I have a friend whose primary language is sarcasm. She’s always making a joke of sorts, always deadpanning her way through her day. I’ve always been friendly with her, yet something has shifted in the last year: where she once would use her wit to mask her emotions, she is now listening more acutely, responding more personally, and opening up to others about how she feels – even if she doesn’t know why she feels the way she does. The “friendly”-ships she’s had, with me and with others, have started to turn into deep, personal friendship bonds. She’s got a bold, infectious personality and has always spoken her mind. But as I watch her navigate through her day-to-day interactions with the world around her, I realize what’s different – she is finally speaking her heart.
To speak your heart is your right, but also your blessing. We are all blessed with the capacity to feel an entire spectrum of emotions and formulate all kinds of opinions and, moreover, questions, based on those emotions. So why is it that with this incredible blessing, so often we stay silent? Why are we so afraid to be ourselves – all of ourselves?
Sometimes we feel so alone in our thought processes that it seems “wrong” to speak our heart. To talk deep, as some call it. There’s this notion that expressing thoughts, feelings, opinions, and questions of an empathetic, introspective nature is embarrassing and makes us vulnerable. And vulnerable, by definition, is being susceptible to danger; either physical or emotional attack or harm (I just looked it up to be sure). It’s this perception that is left over from childhood, middle school, and high school years: the perception that speaking our hearts, being authentic and unique, and letting others know how we feel is a sign of weakness and just another chance to be teased or ostracized. And so we stay silent.
Of course we feel alone – we don’t have any proof otherwise.
“Mean Girls” don’t just exist in the 18-and-under set; they follow us throughout our young adulthood and into our lives. Adult judgement and gossip, we forget, have the exact same roots as their childhood origin: insecurity, myopic and a strong desire to remain top dog at any cost. And yet with that comes a loneliness. An emptiness, lack of connection, and a distance between the person they project on the outside, and the person they are (or long to be) inside. We all have the capability to become this kind of person: what ensures we don’t is how authentically we let our heart live out in the open…and with how much compassion we approach those who haven’t quite gotten there yet. Because the more people they see thrive in a space of authentic truth, hopefully the safer it will seem to follow suit.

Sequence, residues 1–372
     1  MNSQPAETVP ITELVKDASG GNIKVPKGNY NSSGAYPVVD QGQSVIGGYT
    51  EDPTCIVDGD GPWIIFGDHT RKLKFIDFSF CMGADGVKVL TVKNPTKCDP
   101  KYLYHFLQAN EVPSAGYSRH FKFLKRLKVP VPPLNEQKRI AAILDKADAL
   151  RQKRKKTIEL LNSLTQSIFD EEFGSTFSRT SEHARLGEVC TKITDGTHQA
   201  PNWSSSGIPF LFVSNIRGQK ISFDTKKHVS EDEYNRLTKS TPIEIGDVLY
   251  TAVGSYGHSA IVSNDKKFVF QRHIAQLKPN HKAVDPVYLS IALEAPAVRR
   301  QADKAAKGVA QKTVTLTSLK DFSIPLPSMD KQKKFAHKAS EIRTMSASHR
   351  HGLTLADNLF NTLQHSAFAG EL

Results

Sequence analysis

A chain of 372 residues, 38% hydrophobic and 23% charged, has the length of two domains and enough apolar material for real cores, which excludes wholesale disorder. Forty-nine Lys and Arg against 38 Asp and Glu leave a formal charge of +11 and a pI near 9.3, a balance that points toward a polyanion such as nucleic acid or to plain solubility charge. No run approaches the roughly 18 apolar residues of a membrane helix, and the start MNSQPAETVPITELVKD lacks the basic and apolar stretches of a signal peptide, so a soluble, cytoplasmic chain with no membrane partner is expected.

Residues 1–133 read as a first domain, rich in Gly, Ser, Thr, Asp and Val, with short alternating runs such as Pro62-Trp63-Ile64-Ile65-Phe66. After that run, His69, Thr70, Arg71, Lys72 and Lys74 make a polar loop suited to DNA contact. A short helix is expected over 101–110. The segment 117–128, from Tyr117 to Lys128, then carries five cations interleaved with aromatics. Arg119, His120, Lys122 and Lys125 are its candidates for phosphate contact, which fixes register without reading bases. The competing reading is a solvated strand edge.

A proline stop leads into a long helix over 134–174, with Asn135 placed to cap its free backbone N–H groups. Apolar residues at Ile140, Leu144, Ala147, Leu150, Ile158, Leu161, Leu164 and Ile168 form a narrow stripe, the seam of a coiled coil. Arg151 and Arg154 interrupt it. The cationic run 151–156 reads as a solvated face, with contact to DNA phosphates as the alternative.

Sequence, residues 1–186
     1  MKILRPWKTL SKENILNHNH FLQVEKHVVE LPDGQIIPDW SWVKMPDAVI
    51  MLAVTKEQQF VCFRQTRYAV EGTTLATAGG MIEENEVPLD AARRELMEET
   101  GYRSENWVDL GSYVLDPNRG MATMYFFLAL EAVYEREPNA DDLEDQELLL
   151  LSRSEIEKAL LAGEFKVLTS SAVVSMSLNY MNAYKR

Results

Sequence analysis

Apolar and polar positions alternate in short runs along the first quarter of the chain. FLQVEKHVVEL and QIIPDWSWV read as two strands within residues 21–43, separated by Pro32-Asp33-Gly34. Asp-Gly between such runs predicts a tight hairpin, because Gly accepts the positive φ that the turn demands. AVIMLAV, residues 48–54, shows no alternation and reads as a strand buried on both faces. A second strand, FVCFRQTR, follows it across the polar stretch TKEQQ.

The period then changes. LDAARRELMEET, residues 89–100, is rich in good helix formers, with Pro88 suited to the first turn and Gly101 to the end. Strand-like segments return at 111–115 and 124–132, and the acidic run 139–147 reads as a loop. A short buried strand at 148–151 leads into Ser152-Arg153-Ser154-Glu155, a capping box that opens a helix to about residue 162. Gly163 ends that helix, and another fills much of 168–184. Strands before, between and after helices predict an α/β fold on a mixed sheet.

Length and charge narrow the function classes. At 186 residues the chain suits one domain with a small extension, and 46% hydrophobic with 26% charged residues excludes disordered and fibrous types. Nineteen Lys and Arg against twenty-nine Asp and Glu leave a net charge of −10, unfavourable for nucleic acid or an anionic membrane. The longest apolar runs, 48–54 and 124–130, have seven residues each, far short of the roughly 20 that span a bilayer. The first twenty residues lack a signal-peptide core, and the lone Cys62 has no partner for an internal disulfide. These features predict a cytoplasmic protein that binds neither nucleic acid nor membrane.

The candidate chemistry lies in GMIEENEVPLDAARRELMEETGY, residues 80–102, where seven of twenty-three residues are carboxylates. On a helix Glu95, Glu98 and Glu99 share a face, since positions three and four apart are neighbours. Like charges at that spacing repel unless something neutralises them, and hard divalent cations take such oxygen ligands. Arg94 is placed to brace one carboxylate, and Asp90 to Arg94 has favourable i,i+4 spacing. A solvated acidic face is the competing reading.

One of my favorite quotes comes from Dr. Seuss: “Be who you are and say what you feel, because those who mind don’t matter and those who matter don’t mind.” I’d like to add: those who mind – the Mean Girls of our adulthood – probably feel envious that you have the self awareness to be honest; and those who matter will “be who they are and say what they feel” right alongside you. Aren’t those the people we want to be surrounded by anyway? They’re the ones who treat others like equals, the ones who can empathize because they’ve been there too. They’re the ones who can empathize with anyone, even the Mean Girls, because they know what it is to feel things deeply. They are the ones who, dare I say it, thrive in the space of being…vulnerable.
Vulnerability, at its core, is nothing more than honesty. Vulnerable is being truthful, saying I am raw, I am flawed, I am crazed, I am bare, I am on a journey and I am urging you to join me. Yet this idea of vulnerability is so often met with trepidation. Can I be vulnerable? Should I be vulnerable? Doesn’t that mean I’m in harm’s way?
Speak your heart and trust – you are not in danger. You might get a bit bruised, but by being authentic and true to you, there is nothing to fear. Speaking your heart – even if you’re hurting, even if what it’s saying is somewhat unclear – is about learning, healing and giving. At the root of you and of me there is a pull to do all three. For others, for ourselves, for both at once.
We all have the ability to self-heal – it’s just about accessing that power, and being not only brave enough but self-trusting enough to do so. We often view vulnerability as the danger from which we need healing. The barrier that prevents us from connecting. Yet vulnerability and speaking your heart is actually the bridge that forms connection; it’s the honesty that gives us the power to heal.